Judie Lannon

On the 3rd floor of a London terraced house, I have a double bed with a very ancient mattress that I have been thinking of replacing for years.
Many years ago I was doing creative research for a company called Silhouette, makers of women's corsetry and worn, as you will imagine, by overweight middle aged women.
The great gardener and creator of Sissinghurst in the south-eastern UK country of Kent, Vita Sackville West, was said to keep a cemetery noting the plants that died in her care: a constant reminder that living things need proper attention.
The psychologist Oliver James recently quoted research which said that in the 1950s, two out of three women said they would marry someone they didn't love.
I am by no means the first person to quote this old chestnut about advertising waste and I am sure I will not be the last.
Technorati tells us that the female blogging population in Europe is about half the size of the male blogging population.
A speaker at the recent CMO conference in Zurich performed a witty experiment on his audience. Telling us to cover our (analogue) watch faces, the task was to describe the 6: was it a Roman or Arabic numeral, a dot or a mark or something else? Faces uncovered, he then asked who got it correct.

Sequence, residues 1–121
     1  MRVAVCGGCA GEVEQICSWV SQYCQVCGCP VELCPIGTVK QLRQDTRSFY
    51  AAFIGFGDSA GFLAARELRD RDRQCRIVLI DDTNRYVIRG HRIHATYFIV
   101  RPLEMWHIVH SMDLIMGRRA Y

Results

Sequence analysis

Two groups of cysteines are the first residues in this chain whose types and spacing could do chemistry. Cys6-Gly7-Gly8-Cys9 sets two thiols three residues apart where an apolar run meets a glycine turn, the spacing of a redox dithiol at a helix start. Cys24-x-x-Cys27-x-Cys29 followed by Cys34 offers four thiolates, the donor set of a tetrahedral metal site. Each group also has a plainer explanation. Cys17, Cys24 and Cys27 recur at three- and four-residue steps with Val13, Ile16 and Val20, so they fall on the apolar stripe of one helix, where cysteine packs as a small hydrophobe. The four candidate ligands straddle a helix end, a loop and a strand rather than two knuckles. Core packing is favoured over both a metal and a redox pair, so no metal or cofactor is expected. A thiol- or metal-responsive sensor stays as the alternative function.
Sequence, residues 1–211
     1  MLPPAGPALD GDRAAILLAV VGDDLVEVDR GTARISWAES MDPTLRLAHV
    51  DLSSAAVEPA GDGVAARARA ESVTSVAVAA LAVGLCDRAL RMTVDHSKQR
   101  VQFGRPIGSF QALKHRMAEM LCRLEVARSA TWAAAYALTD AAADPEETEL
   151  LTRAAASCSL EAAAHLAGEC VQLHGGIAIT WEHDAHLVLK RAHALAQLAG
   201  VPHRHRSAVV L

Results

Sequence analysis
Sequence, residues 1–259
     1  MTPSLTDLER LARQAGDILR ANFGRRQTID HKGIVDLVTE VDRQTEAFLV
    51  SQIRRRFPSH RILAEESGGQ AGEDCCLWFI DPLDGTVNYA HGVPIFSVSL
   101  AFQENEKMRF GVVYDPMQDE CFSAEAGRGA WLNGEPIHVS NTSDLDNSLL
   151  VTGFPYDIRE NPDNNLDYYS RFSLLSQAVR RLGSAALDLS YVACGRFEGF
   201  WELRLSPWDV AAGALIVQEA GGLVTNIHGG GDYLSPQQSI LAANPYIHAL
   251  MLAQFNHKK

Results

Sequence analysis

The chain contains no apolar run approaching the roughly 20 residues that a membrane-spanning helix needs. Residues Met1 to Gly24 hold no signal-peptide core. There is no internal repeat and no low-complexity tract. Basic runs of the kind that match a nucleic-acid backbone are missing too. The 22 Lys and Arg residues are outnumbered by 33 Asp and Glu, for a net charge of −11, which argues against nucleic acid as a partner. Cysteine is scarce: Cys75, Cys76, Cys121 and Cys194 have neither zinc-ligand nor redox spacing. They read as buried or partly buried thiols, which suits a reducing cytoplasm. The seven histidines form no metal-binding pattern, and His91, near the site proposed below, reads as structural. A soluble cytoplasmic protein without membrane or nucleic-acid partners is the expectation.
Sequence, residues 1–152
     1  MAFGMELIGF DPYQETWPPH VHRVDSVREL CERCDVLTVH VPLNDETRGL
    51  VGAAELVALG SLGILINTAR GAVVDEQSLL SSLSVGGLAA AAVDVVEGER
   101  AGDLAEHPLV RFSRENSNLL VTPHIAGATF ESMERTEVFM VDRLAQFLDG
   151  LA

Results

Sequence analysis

I recently tried to explain to an elderly relative what my step-daughter’s interest in ‘sustainable fashion’ meant.
From time to time I am reminded of the world's best business book title. It's not surprising that Dale Carnegie's 1937 best seller ‘ How to win friends and influence people ' has sold more than 15 million copies in numerous languages.
Some years ago, idly flipping through the New Yorker on the train from Bath, I came across a seductive title: ' The talent myth: are smart people over rated? ' And a gripping read it was too.
Not being an economist by trade but, like everyone these days, forced to absorb at least a superficial grasp of financial ideas, I've come to see that Shareholder Value theory seems to have gone badly wrong.